Gender gap exists in doctors' salaries, but experience and productivity play a part in disparity

A new survey finds that a gender gap does exist when it comes to physician salaries, but that choice of specialty, experience and productivity also play a part in the disparity.

A survey by the Medical Group Management Association (MGMA) confirms what other recent surveys also found: Male doctors make more than females. But the 2017 Physician Compensation and Production Survey found that age and productivity are contributing factors that impact the disparity.

“Our annual survey found that, in aggregate, gender disparity exists for physician compensation. Knowing what factors contribute to the gender pay gap help us better understand and interpret the cause,” said Halee Fischer-Wright, MGMA’s president and CEO.

The survey compared data from more than 120,000 providers across more than 6,600 medical groups and found the following factors influence salaries:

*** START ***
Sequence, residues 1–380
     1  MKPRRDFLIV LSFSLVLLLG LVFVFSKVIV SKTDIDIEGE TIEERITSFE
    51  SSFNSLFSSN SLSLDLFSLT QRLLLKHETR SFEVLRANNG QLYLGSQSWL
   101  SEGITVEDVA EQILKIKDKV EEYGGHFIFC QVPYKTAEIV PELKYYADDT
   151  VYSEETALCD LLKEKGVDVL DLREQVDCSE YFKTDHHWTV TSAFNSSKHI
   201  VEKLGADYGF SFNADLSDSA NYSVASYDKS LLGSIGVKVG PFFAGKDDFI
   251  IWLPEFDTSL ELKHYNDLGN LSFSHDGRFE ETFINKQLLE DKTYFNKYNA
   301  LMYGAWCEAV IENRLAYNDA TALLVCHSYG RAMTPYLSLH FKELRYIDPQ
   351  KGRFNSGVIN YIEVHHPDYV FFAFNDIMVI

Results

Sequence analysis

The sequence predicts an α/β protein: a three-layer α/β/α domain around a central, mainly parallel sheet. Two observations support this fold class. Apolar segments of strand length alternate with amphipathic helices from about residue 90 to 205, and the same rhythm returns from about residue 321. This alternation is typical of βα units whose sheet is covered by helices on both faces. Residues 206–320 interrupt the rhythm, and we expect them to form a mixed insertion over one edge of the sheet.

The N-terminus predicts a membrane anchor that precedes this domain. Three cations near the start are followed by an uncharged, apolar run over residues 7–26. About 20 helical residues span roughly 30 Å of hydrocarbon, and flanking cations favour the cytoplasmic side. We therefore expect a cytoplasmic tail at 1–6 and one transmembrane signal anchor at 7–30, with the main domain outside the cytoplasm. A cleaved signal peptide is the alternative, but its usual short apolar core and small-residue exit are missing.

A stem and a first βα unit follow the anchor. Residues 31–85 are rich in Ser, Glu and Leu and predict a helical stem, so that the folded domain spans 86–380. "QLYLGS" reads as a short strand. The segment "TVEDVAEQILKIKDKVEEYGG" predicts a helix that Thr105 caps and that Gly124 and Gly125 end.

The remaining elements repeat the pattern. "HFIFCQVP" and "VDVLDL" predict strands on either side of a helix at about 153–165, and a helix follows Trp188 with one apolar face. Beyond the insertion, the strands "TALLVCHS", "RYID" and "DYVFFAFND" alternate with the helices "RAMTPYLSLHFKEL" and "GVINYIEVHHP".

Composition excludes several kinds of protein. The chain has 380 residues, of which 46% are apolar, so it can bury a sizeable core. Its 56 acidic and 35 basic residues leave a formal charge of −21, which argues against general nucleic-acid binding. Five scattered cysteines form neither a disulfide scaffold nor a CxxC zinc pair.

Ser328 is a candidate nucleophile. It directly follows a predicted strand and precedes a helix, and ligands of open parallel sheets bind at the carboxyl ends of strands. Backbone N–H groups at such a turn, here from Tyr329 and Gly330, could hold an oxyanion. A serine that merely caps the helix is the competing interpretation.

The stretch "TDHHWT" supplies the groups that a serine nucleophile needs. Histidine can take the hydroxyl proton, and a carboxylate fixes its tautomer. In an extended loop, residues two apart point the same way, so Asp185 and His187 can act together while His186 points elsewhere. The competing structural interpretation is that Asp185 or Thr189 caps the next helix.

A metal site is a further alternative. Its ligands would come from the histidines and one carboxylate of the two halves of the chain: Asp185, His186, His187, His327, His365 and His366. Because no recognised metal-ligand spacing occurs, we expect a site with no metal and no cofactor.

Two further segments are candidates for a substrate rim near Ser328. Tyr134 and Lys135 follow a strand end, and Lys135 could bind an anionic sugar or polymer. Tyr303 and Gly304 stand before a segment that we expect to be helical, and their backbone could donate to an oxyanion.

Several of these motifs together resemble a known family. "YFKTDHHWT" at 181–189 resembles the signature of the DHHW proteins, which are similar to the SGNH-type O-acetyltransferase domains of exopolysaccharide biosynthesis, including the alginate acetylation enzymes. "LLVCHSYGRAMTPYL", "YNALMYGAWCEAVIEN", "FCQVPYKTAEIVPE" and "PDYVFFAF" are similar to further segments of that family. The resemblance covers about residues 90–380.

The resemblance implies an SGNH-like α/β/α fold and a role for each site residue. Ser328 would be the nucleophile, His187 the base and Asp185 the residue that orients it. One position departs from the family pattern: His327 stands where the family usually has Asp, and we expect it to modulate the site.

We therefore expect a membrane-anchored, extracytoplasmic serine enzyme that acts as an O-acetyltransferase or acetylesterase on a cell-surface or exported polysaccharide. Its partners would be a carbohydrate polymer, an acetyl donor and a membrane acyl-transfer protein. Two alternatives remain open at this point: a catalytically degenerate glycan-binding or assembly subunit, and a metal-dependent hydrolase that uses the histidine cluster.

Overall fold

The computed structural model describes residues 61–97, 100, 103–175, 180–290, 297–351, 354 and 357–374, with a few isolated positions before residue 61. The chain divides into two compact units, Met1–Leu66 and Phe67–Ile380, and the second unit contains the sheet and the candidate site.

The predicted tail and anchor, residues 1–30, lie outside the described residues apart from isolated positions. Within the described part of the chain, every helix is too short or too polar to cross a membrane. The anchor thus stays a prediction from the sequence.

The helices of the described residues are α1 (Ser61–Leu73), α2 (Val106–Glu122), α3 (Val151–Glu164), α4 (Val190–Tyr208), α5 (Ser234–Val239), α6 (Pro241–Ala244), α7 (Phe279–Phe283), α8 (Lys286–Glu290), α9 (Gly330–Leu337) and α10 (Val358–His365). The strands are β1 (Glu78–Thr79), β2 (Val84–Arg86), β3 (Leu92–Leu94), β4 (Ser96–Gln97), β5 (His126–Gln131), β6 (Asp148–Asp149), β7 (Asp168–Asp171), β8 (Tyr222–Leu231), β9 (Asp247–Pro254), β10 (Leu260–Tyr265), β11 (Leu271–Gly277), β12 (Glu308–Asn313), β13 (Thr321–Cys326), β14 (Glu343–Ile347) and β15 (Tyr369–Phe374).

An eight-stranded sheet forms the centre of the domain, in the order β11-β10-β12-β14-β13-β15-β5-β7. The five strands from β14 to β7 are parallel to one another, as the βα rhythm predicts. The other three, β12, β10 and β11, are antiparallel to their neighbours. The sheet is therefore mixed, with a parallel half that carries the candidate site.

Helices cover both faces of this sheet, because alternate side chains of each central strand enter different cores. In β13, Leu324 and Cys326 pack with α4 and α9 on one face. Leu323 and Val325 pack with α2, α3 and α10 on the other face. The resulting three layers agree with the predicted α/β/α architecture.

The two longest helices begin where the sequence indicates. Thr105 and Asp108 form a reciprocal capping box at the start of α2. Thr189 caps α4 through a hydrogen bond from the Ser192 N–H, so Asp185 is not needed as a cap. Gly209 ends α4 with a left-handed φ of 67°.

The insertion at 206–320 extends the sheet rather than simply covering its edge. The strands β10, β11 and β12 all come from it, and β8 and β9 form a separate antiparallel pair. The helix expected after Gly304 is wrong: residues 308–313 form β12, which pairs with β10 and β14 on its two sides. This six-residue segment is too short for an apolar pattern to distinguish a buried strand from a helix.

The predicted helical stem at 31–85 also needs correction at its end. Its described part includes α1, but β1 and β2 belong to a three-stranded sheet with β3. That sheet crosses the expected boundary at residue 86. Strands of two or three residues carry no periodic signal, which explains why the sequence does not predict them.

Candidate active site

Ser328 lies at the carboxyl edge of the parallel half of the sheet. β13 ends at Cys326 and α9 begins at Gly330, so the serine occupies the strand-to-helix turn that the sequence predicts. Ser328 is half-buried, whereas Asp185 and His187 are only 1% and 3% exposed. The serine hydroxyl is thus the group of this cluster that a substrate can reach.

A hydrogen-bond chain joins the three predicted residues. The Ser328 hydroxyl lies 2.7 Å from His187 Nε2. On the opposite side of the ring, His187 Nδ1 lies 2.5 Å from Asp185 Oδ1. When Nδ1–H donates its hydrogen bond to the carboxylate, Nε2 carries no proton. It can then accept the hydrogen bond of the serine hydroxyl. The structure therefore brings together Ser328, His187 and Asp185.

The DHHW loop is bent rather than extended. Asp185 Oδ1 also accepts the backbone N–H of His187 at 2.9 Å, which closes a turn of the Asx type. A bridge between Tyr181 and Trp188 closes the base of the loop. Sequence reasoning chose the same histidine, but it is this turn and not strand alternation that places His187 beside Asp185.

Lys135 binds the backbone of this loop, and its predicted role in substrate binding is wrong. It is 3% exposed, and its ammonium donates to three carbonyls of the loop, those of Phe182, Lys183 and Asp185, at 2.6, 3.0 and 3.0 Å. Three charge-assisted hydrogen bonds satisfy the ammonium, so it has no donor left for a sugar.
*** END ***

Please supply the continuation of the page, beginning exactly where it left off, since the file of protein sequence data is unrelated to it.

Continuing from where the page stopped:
Specialty. Males across all specialty areas earn more than their female counterparts. For instance, males practicing in primary care reported earning 17% higher compensation. Male doctors in specialty care reported earning 37% more than women in the same practice area.

Experience. Years in a specialty area may play a role in the gap, the survey found. For instance, in family medicine and general pediatrics, male doctors earn more than 20% over females, but have an average of seven years more experience. With more women graduating from medical schools than men, women make up a greater percentage of doctors who are early in their career, the survey said.

Productivity. A doctor’s productivity, as measured by relative value units (RVUs), is a significant factor in compensation packages. Males in invasive-interventional cardiology earn more than 25% than female counterparts, but also show 42% greater median work RVUs. The difference may be due to the number of women in these specialties and their experience, the survey said.